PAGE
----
★★★ out of ★★★★
There’s a reason why Black Panther is selling more presale tickets than any movie in history. Black people have been underrepresented in film for years. So a movie with not only a primarily black cast, but a black director (Ryan Coogler) and writers (Coogler, Joe Cole) has African-American churches, schools and youth groups buying tickets in droves. Some of us take for granted seeing characters that look like us represented in media. Heck, some people may not even notice how represented white people are. But if you’re a person of color who grew up only seeing images of the white heroic male, this movie may give a feeling of acceptance. As Tyra Banks puts it, “…It’s not a movie…it’s a movement.” In fact, it doesn’t really matter how well Black Panther does critically, the motion has been set for its cultural and cinematic impact. But impact aside, Panther delivers.
Chadwick Boseman plays T’Challa, the king of fictional African country, Wakanda. Wakanda on the surface is an impoverished third world country. But underneath, it flourishes with beauty and technological innovation. This is all thanks to vibranium; an almost magical metal that can make the greatest weaponry and has the power to heal. But that kind of power means the wrong kinds of people want to get their hands on it. Insert Ulysses Klaw (Andy Serkis) and Erik Killmonger (Michael B. Jordan).
One’s a crazed mercenary, the other a crazed idealist. Killmonger believes that vibranium should be used to better the world instead of being kept for only Wakanda. And thus is the crux of the story. Should the powerful use their powers to police the world? Or should they stay out of things to keep themselves safe? It seems like they’re trying to drive home a message. This is evident in a scene when Wakandans have no interest in taking on a refugee. The movie has no bones about making statements as it relates to race and universal politics. Killmonger may want to better the world, but only for black people. He wants to turn the tables and put people of color in power to take over. It’s not exactly what King T’Challa has in mind for the world’s betterment. This creates a schism within Wakonda, creating intense conflict and epic battle scenes. In fact, all the battle scenes in Black Panther are action-packed and beautiful to watch.
There’s a little something for everyone (as long as you don’t mind mild violence). We have a dogfight aircraft sequences, one-on-one combat, fighting rhinos, and so much more. With the exception of a few disjointed scenes in the middle of the film, the action is nonstop.
One question that comes up is “how are females represented in the film?” Best word to describe the women in this film is “strong.” It’s a little clichéd but it’s suiting. Take for example Ramonda (Angela Bassett). She’s the matriarch of the royal family who keeps her son in line while also empowering him to be the man he’s destined to be. Nakia, played by Lupita Nyongo, is T’Challa’s no-nonsense ex-girlfriend who, even in the first few minutes of Black Panther, saves a group of women from slavery. Shuri is played by Letitia Wright. She is T’Challa’s sister who’s as smart as she is witty. She keeps everyone safe thanks to her tech savviness and love of science. And then there’s Okoye (Danai Gurira). She may not have the most lines in the film but she most definitely has the most presence. She is a tough-as-nails guard to the throne who has no problem killing or dying for her king. Her fierce loyalty and overall badassery makes her the scariest character in Black Panther. Yes, even scarier than the one-armed Ulysses Klaw.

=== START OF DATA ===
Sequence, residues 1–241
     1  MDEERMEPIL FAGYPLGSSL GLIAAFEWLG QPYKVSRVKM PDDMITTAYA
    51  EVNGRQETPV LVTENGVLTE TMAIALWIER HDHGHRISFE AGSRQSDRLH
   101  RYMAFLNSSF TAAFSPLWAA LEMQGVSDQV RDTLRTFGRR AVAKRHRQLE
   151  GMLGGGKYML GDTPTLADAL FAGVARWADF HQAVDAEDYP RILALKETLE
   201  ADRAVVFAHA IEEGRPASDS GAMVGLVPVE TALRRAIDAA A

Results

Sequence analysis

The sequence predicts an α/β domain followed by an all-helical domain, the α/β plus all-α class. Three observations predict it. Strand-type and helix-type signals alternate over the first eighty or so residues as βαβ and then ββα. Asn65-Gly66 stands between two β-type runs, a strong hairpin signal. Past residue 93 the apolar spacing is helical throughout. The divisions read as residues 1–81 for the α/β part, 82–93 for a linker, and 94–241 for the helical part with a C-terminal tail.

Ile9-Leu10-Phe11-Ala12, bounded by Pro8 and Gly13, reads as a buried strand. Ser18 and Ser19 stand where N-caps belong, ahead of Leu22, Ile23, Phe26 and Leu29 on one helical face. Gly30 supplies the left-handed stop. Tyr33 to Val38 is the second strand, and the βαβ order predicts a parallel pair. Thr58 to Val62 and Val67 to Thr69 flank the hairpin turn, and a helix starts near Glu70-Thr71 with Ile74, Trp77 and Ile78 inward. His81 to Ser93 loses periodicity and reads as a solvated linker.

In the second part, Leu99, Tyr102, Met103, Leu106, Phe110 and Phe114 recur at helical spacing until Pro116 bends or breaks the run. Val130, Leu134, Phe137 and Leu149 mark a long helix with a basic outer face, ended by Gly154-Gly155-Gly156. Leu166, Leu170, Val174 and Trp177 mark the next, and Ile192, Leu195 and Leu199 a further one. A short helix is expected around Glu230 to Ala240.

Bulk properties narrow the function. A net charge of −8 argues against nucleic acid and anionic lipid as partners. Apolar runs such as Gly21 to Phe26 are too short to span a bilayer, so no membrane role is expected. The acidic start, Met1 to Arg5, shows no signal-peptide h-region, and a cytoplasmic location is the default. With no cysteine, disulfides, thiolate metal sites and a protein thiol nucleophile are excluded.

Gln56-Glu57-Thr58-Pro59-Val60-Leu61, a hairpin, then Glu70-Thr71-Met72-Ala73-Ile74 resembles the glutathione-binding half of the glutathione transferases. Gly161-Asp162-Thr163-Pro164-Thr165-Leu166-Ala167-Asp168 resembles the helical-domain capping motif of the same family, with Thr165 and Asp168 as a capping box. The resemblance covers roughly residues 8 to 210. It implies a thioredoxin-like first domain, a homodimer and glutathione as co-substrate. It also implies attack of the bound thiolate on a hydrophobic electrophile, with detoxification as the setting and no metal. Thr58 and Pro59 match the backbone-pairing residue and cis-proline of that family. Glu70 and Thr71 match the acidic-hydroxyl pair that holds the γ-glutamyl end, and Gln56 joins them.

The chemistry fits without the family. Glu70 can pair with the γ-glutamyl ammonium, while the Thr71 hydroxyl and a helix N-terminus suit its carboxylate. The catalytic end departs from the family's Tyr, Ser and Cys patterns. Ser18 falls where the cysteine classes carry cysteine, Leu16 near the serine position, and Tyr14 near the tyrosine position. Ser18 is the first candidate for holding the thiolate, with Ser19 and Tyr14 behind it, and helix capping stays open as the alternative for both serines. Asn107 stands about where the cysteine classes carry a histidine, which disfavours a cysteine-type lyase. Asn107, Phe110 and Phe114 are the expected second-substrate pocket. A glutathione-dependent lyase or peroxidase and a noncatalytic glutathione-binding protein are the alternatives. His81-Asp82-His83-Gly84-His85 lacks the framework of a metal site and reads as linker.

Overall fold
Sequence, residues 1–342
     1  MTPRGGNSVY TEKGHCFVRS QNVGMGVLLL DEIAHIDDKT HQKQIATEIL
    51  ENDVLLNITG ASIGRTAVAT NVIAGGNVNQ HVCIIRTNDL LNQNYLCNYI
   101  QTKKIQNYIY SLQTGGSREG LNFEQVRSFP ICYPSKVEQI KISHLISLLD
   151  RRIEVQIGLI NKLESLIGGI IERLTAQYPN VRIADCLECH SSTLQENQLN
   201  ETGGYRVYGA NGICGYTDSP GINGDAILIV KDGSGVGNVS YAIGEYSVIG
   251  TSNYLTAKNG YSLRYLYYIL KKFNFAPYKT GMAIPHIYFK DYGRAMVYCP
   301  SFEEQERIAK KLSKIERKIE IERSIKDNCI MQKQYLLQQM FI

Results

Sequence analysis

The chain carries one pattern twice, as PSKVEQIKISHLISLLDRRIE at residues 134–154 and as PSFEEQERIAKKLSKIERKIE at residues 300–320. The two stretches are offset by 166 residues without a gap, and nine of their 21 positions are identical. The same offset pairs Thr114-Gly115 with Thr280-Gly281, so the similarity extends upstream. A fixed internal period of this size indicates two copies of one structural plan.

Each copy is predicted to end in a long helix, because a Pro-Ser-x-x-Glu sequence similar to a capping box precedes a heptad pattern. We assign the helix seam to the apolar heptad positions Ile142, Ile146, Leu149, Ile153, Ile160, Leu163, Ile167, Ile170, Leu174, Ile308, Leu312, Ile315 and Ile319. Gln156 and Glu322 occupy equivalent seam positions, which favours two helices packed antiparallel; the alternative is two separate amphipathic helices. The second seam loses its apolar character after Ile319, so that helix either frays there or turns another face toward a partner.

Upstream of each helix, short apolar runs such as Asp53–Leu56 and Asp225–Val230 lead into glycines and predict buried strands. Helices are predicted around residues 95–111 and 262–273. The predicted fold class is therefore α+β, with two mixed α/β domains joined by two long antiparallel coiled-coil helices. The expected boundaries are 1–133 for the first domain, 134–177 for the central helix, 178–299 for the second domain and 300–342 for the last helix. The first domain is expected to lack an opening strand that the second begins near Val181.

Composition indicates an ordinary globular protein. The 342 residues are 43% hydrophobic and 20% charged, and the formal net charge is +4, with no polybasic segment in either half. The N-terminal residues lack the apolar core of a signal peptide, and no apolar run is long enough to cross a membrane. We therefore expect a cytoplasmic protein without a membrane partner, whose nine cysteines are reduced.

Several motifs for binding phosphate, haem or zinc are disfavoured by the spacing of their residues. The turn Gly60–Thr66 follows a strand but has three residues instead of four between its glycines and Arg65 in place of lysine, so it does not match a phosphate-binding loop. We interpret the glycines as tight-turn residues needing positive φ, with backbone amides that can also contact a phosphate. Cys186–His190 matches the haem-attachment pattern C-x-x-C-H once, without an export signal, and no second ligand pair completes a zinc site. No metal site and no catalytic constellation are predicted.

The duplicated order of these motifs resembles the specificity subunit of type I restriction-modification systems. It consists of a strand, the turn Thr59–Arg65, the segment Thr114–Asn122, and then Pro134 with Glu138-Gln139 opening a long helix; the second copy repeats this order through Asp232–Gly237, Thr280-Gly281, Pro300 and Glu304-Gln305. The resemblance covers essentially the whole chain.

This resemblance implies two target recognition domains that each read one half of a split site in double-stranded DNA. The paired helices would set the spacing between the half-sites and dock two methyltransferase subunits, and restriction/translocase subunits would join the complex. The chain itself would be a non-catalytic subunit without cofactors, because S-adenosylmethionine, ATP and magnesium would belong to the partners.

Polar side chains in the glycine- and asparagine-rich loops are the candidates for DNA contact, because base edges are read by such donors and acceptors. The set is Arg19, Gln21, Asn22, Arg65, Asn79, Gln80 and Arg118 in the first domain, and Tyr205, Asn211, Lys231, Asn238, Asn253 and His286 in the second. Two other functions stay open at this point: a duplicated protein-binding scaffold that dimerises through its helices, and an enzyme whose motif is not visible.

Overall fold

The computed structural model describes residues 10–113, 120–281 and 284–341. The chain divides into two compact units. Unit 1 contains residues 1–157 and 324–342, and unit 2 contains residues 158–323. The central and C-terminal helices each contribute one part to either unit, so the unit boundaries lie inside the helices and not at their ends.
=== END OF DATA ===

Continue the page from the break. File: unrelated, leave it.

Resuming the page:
What sets this film apart from some of the others is it’s fleshed out characters. The villains, heroes, and the folks in between all have clear intentions and motivations. Sometimes bad guys do bad things simply to move the plot along. But not in Black Panther. Killmonger has a POV we can even relate to on a human level, making his character that much more complex and seemingly less evil. T’Challa’s motivated to do right by Wakanda and his assassinated father.
To say this is another comic book movie would be selling Black Panther short. It has messages of social justice, social improvement, racial divide, gender equality and potentially more.
And even with all the film’s current popularity, it’s likely these messages and those defined characters will put Black Panther into a higher strata of what a superhero movie can be.
The Good: a fresh take on the genre propelling the idea that superhero movies can have heart and meaning. Wakanda is such a unique and fun concept that the opportunities are boundless for this unique world.
The Bad: The middle of the film gets rather slow. And not that every second has to be action-packed but it definitely lulls.
Final Word: It’s thought provoking without being pretentious. It sends a message without being too in your face. It’s a fun movie of importance but doesn’t take itself too seriously.